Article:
Sometimes the path is just too straight and predictable, and the goal too clear. We need the surprises of twists and turns and the mysteries of hills and valleys.
Have you ever had the experience of walking through a sun-drenched landscape and suddenly seeing it being dulled by the build-up of storm clouds on the horizon? The light remains, but it gradually becomes filtered through an ominous grey and you find yourself between two worlds, a kind of a twilight zone with something of the colour drained out of it. It has often happened to me and each time I’ve found it to be such an enchanting experience. The image above was such a moment while walking in the fields near Horton Kirby in Kent. Also, there’s just something about a dead tree against the background of fierce and threatening storm clouds.
Standing in front of Chartwell, Winston Churchill’s home, and looking across the Kent landscape towards the Southern coastal region of England. One of those moments where I was once again overwhelmed by the beauty and expansiveness of the scene before me. I was reminded of the words of Carl Sagan: “For small creatures such as we the vastness is bearable only through love.”
This dead tree always looks like a sentinel standing at the entrance of the barley fields. Whenever I pass it on my way to the woods on the right of this image, the old soldier in me wants to salute it. I love these fields which have produced crops and harvests year after year. They together with the skies of Kent give me a wonderful sense of spaciousness and freedom.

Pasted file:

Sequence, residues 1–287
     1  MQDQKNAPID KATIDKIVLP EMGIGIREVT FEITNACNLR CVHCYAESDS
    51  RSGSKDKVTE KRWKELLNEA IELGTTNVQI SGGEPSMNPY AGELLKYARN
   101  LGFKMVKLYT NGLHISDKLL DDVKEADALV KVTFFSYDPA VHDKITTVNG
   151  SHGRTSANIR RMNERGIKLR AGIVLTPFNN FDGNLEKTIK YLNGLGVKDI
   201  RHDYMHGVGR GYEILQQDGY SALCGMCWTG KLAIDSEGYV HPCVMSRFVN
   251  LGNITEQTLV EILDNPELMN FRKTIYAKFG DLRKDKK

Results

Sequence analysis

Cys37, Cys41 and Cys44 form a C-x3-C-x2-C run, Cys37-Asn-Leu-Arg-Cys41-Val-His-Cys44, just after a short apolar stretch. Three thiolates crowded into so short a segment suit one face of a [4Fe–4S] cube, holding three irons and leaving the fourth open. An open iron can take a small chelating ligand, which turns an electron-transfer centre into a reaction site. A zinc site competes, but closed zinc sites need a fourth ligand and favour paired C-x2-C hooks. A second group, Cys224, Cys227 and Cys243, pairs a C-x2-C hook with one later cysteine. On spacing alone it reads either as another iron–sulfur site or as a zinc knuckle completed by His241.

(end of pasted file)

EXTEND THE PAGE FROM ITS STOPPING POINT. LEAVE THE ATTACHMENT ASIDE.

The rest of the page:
The Boabab tree dots the African landscape. To the local peoples, these magnificent trees are seen to be retainers of the memories of the ancestors. There is a sanctity about them. Their branches always remind me of hundreds of fingers reaching out and trying to clutch the sky. I love sketching and drawing them.
Another shot of our visit to Scotney Castle. Loved this scene of the old castle.
This morning I was in the presence of what I can only describe as an overly exuberant person. Being more on the introverted side of things, encounters like these test my patience. I can’t join in because of my sense of incongruence, and a deadened response to it is just plain bad manners. So I find myself, at times, in these rather uncomfortable and in-between places. Fortunately, over the years, I’ve mastered a subtle and measured form of enthusiasm, which I reserve specifically for these encounters. I applied it in this case and it served me well.